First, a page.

In Persuasion Nation: Stories
by George Saunders
Satire with Feeling
A review by Anna Godbersen
The man kneeling in gravel to smell a flower on the cover of George Saunders's newest collection is lumbering, buzz-cut, and poignantly focused on one speck of natural beauty. He might be any one of the mixed-up heroes of In Persuasion Nation. These are men caught in a brave new world of ramped-up advertising and corporate speak; the world is not of their making, but they are giving it an earnest go. There is, for instance, Rick Sminks, Product Service Representative for KidLuv Inc., whose bureaucratic letter to a disgruntled consumer of the I CAN SPEAK!™ (a product that gives six-month-olds the appearance of saying sophisticated phrases) reveals his own fraught but loving efforts as a father. Or Brad, the star of "Brad Carrigan, American," a brutal send-up of TV nowadays, who is TotallyFukked by his wife and neighbor (that is, he is caught on camera, Punk'd style, being led to believe that his wife is cheating on him), in between ads for Kill the Ho and the unveiling of his friends the Winstons' Extreme Surgery. But there is a dark side (or, I guess, a darker dark side) here: A band of ravaged corpses, from a small country torn by ethnic strife, has landed in his backyard, and he would really like to reverse the crassness and excess of his show and help them, if only he doesn't get written off first.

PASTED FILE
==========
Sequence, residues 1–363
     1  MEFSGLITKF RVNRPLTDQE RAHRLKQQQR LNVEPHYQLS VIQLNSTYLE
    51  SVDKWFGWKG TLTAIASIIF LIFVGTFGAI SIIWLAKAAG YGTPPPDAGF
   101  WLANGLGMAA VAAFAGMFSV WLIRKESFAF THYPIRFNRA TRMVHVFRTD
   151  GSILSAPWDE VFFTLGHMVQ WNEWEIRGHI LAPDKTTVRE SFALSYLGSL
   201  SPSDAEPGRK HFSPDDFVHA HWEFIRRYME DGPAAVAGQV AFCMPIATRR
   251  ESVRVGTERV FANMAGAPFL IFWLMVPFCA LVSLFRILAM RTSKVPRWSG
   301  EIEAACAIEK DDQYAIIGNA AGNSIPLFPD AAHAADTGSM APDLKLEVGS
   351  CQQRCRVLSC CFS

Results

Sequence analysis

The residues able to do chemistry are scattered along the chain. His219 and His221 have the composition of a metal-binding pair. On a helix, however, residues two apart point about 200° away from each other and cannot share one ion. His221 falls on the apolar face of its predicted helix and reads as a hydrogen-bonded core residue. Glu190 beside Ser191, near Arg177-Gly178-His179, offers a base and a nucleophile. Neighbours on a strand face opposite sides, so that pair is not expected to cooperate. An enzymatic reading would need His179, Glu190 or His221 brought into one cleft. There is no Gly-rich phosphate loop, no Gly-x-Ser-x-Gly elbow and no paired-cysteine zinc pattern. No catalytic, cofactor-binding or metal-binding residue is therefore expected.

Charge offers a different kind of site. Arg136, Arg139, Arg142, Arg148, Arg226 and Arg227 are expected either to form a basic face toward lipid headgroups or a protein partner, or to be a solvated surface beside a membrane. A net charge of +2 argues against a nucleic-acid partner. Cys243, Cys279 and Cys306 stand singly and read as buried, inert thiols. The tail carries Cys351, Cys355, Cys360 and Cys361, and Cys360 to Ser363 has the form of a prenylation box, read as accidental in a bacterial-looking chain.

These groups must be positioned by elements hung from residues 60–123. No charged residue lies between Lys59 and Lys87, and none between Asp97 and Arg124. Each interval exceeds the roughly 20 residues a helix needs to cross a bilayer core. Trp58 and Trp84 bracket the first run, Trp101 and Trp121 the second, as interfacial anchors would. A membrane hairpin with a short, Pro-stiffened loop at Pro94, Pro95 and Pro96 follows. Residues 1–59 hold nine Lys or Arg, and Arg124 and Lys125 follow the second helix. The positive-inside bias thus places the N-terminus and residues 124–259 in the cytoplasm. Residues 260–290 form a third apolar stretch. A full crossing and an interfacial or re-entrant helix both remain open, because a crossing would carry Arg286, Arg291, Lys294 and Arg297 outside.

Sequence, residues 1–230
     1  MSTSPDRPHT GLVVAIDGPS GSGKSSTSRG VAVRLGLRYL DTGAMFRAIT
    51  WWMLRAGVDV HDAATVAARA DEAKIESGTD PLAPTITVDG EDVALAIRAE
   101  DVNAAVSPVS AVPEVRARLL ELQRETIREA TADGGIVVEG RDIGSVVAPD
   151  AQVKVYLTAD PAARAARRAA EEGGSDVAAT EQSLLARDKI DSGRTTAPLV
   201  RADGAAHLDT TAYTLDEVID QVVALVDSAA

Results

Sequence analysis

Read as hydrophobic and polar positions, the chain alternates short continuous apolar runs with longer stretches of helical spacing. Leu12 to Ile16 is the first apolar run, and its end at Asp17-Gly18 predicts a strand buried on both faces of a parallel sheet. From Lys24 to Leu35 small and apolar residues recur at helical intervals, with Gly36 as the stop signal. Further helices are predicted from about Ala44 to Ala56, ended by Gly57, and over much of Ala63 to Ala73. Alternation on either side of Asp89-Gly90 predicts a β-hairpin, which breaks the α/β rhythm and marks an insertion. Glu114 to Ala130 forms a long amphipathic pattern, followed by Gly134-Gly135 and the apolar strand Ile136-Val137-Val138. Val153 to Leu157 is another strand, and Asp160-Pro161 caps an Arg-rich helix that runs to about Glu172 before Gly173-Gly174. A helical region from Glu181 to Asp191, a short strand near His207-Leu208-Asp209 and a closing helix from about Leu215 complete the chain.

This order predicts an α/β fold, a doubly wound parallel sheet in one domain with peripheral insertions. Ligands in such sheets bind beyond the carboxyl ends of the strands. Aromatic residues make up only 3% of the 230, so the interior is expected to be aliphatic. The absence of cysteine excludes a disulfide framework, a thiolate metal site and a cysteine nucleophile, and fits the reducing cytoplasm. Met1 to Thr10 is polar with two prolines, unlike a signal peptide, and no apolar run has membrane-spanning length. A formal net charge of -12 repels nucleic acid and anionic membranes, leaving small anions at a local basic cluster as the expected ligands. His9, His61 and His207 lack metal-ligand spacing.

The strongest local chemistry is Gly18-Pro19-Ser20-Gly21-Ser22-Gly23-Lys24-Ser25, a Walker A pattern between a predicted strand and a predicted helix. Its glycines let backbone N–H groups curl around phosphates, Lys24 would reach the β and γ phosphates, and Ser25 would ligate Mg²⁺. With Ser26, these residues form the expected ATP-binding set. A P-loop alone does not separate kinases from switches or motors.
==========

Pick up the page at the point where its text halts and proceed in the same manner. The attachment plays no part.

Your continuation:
This stabbing at some kind of righteousness in an illogical and hyper-marketed world is perfectly encapsulated by "Jon," the best story here, in which a teenager tries and fails and tries again to leave the only world he has ever known, a never-ending focus group on crack. He likes the safety of his prison, of course -- not to mention, the free designer products and the happy pills -- but when his girlfriend gets pregnant, he starts wondering what else there is. "When I think of what we will think of, I draw this like total blank and get scared," he says of leaving, "but tell the truth I am curious, I think I am ready to try." Saunders is a hilarious, wicked, and pitch-perfect satirist of our times, of course, but for a satirist he has a whole lot of heart.
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